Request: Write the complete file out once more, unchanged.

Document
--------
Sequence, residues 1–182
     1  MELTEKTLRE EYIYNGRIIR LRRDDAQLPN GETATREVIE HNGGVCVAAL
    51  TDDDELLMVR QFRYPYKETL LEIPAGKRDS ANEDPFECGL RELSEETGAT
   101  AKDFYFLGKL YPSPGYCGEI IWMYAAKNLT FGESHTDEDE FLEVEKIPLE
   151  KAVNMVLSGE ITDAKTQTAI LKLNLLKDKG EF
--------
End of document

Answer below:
Sequence, residues 1–182
     1  MELTEKTLRE EYIYNGRIIR LRRDDAQLPN GETATREVIE HNGGVCVAAL
    51  TDDDELLMVR QFRYPYKETL LEIPAGKRDS ANEDPFECGL RELSEETGAT
   101  AKDFYFLGKL YPSPGYCGEI IWMYAAKNLT FGESHTDEDE FLEVEKIPLE
   151  KAVNMVLSGE ITDAKTQTAI LKLNLLKDKG EF